Except of course that you can play this game all day with a film which is so rich that you can find treasure in every frame, and with a story to unpack in every scene. What is more horrifying? Kane’s Dracula’s castle that he built for himself, or the dead eyed stare of his mother who had his bags packed for a week? You don’t need a sled to tell you that Charles Foster Kane, despite having everything will never be able to fill the void inside of him. When he’s pleading with Susan to stay, he’s being selfish but he also knows she was his last hope of redemption walking out the door.


Weirdly, as it accounts the tragedies and compromises Kane makes, the film mentions early on that his first wife and son die, and then it’s never mentioned again. In many films this would have been enough of an event to justify his decline, even the Godfather, one of the few films that could perhaps stand up to to Citizen Kane in breadth and depth, has its eponymous character finally give up when they kill his boy. But Citizen Kane just throws this on to the huge detail pile, refusing to make any defining or consistent statements about its main character, but leaving it all there for the audience to assemble.

What sort of movie even is this? It’s a biopic of man who doesn’t exist, of someone who is simultaneously a failure and incredibly wealthy, a horror film of a generous man of the people who is also a terrifying monster, who had everything and was a completely empty zombie, a love film about a man who maybe never loved anyone. One of its final shots, the infinite mirror showing infinite Charles Foster Kane’s signalling that this is very much a Choose Your Own Adventure deal.

This was Orson Welles’ first damn movie and fuck if he left it all out there on the field. It feels like a hack thing to call this a masterpiece, especially because Hollywood politics means we probably lost other masterpieces along the way, but its simply a work of genius. Someone asked me how it compares to a spectacle like Endgame and so I guess it’s like comparing a symphony to a very long rock concert. You might enjoy the rock concert more, you might still be humming the tunes, but you know who the good musicians are and they aren’t playing in a rock band.

Barbican Comic Forum
00000000 / Kraken
Brain Teeth

I didn’t realise how sad Citizen Kane is. And it kinda caught me unawares.Yes I’m the guy that bitches about the state of movies in 2019 but I still end up watching most of them (what can I say? I’m an addict): especially the big shiny glossy ones with their empty promises and delicious insights into the prevailing ideologies of our time. One of the interesting side effects tho of snacking on Marvel movies and their ilk is that you end up with a very distorting picture of what a movie / story is supposed to be.

“Oh yeah – a movie. I know what that is. It turns out that someone is the chosen one and they have magical powers and they’re better than everyone else – and then they have to have an adventure where they fight various obstacles until finally their worth is proven, they’ve undergone somesort of positive change and then everything ends in a cool happy way (with the promise of a sequel or two).”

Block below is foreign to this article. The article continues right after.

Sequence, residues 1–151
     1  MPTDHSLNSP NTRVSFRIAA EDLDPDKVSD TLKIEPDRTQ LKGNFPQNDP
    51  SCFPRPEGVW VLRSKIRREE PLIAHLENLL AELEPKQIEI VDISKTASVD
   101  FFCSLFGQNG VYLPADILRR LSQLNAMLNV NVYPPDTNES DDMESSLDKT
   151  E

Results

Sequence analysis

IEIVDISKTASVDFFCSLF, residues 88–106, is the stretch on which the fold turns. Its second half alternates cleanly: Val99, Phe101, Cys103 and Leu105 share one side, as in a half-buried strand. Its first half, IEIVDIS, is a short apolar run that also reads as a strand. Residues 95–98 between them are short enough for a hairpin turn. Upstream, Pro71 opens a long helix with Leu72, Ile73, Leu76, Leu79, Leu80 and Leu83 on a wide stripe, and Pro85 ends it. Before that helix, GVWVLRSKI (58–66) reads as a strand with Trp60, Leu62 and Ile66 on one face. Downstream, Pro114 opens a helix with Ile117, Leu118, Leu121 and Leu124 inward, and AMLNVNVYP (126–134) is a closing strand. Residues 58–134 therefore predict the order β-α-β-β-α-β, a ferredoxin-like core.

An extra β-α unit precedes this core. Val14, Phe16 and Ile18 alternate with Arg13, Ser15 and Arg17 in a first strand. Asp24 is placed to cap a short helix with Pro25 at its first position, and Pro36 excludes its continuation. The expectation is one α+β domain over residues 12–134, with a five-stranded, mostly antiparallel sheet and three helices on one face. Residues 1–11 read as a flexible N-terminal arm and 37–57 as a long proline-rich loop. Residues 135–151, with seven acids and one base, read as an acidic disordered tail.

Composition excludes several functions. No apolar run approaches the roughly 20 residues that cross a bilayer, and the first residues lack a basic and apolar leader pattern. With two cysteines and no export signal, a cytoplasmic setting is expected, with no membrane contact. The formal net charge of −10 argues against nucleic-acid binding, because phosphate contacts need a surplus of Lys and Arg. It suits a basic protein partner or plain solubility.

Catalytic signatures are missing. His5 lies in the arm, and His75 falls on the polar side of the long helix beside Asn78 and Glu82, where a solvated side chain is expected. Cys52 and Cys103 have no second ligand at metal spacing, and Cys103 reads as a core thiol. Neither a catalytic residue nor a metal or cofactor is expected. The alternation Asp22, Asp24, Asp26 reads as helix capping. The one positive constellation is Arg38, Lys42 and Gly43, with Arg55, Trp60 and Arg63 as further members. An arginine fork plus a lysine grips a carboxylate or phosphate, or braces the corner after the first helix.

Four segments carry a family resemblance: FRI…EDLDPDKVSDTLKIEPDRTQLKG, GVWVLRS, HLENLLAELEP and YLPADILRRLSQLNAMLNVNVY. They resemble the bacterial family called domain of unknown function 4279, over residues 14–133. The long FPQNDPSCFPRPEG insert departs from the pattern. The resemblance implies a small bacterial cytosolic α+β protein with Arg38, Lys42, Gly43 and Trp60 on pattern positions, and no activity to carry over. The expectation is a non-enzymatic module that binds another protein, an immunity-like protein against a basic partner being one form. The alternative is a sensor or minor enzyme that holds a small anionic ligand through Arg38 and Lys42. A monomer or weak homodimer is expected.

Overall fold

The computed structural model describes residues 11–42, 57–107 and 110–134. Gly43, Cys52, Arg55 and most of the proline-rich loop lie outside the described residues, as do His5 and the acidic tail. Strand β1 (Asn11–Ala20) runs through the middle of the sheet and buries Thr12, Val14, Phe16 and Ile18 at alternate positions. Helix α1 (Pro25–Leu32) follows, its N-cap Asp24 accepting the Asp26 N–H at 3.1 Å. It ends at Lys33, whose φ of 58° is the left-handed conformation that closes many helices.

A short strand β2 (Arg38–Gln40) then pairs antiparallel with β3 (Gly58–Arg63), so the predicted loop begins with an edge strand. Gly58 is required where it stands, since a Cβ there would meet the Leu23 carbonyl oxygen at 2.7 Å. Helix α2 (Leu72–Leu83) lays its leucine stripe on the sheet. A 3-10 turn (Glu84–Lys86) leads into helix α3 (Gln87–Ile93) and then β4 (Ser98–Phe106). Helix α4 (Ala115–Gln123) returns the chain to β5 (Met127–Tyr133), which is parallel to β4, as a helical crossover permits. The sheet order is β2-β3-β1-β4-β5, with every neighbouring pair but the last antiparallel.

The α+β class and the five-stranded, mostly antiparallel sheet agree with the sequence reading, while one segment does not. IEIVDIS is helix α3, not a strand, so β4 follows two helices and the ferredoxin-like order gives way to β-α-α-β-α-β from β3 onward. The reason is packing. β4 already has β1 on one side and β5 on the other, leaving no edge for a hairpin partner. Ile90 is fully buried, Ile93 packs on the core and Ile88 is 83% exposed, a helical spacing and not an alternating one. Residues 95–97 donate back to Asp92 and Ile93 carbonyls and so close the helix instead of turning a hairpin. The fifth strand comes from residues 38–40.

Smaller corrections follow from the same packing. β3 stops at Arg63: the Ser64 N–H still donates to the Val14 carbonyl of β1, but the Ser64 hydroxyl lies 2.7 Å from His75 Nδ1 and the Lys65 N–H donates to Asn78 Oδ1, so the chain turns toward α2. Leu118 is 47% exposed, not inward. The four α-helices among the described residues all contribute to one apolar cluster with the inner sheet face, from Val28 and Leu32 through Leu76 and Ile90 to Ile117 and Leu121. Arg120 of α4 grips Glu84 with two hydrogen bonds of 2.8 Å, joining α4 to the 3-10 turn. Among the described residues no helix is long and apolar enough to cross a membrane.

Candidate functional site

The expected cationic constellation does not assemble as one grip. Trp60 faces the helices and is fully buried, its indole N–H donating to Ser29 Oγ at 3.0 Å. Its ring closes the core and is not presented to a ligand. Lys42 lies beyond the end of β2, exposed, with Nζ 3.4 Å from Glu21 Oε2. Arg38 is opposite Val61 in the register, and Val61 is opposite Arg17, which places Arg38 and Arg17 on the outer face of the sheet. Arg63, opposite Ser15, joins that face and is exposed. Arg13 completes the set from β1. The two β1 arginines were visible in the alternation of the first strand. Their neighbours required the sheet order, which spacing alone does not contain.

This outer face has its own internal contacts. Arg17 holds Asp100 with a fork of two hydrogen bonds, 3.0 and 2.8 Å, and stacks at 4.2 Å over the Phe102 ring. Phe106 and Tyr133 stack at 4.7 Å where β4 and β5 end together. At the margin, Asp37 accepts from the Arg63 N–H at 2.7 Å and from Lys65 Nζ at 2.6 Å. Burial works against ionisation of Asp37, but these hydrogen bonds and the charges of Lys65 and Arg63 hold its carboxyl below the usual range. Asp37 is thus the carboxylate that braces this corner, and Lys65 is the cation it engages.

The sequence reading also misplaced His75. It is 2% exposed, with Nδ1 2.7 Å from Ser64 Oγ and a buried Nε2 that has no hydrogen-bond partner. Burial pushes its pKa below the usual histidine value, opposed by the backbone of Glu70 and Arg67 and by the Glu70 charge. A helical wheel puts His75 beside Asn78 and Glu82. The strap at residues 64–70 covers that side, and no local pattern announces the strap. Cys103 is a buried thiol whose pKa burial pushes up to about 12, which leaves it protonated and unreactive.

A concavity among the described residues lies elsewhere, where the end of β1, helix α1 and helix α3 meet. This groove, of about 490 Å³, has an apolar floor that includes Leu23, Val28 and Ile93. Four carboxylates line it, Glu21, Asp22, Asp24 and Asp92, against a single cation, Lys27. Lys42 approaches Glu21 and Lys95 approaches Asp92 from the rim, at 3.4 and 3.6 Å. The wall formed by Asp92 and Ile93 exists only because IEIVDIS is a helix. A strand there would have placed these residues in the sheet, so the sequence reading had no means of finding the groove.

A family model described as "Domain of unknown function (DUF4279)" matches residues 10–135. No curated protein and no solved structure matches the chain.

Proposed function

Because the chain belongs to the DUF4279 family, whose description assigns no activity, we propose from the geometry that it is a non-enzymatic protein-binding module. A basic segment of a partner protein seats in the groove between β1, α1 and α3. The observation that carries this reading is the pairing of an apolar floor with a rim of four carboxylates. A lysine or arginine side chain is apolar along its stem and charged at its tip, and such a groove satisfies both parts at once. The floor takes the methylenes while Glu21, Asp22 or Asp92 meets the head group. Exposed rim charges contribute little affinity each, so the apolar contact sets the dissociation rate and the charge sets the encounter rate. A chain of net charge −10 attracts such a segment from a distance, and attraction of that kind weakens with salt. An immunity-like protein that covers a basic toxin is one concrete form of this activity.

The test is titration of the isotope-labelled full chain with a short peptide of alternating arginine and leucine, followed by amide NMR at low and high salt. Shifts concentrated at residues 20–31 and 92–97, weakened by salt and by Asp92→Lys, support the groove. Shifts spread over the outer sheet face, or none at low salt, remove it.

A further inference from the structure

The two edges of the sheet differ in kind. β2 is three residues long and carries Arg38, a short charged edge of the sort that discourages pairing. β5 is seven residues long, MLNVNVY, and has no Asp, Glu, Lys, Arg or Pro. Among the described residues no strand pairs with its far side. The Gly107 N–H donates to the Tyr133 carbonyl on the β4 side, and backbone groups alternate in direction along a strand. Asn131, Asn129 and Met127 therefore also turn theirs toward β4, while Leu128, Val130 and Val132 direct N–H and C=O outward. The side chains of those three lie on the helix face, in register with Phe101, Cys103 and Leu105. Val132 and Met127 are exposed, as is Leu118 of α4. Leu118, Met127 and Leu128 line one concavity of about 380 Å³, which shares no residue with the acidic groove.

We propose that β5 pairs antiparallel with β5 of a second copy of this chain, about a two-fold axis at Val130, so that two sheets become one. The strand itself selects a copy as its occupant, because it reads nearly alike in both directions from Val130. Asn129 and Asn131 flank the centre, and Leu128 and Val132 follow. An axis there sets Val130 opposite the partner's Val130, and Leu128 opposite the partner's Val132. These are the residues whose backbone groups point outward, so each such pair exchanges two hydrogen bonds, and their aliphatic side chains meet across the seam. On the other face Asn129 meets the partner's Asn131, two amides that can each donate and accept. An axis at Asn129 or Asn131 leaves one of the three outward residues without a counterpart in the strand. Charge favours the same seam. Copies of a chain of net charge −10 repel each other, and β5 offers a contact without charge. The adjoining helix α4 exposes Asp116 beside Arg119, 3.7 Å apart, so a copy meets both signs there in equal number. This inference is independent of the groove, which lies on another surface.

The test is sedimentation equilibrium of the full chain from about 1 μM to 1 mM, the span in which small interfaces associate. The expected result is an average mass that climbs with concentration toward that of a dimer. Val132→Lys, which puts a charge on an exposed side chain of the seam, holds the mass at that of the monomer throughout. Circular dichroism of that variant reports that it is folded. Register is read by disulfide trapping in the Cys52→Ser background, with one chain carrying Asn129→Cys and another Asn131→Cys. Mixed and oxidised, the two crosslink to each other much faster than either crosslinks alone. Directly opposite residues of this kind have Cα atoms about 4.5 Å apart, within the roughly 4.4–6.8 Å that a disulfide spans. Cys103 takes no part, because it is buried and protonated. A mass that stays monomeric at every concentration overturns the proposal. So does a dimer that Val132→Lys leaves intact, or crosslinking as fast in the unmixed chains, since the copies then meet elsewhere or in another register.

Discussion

*cough Enter the Spider-Verse cough*

In fact – because I’m an idiot and because I read the books – I watched The Dark Tower last week and it was barely more than that previous paragraph. Although it did have Matthew McConaughey as the bad guy who’s so evil that he’s always dressed in black so much so that when he shows up in the good guy’s house making chicken he’s also wearing an evil black apron (which is the kind of attention to detail that I kinda get a kick out of).


Also he repeatedly kills people by telling them to “stop breathing” – which I must admit I kinda love…

Wait – what was I saying?

Oh yeah. So that’s basically the way that movies are supposed to work / supposed to be. And every movie is basically somekinda twist or flourish on that basic blueprint right? (So for those of you who haven’t seen Citizen Kane you’d probably imagine (like I did) that the basic plot would be this Citizen Kane guy fighting a bunch of evil-doers who were standing in his way until eventually he managed to prove himself as the best citizen or something and then wins the girl. And maybe people say it’s the best movie of all time because it all looks really cool and there’s a final fight scene that’s totally kickass or whatever).

What’s interesting is how people react when movies and stories don’t live up to that kinda blueprint and the stuff that comes out. The Dark Tower (to the surprise of no one reading this I’m sure) is not a very good movie. It’s dull and boring and borderline incomprehensible and both Idris Elba and Matthew McConaughey seem less like they’re doing acting and more like they’re doing cosplay. It’s trying to match up to the “movie blueprint” – it’s just not doing a very good job. And so yeah – people dissed it. Which makes total sense.


(Holy wow. This picture man. I’ve seen it – so now you must too).

Then you have stuff like Game of Thrones (I’m sorry I’m talking about Game of Thrones again): and you’d have stuck like certain characters not following a redemptive arc and instead going “fuck it – I’m not going to the right thing – I’m going to do the wrong thing instead.” And wow yeah – judging from the parts of the internet that I’ve read – people were pissed. Mostly it seemed because of this idea of “that’s not how stories are supposed to go.” You know – characters are supposed to get better and triumph and win the day and anything that is not that means that something is wrong and we need better writers or whatever etc.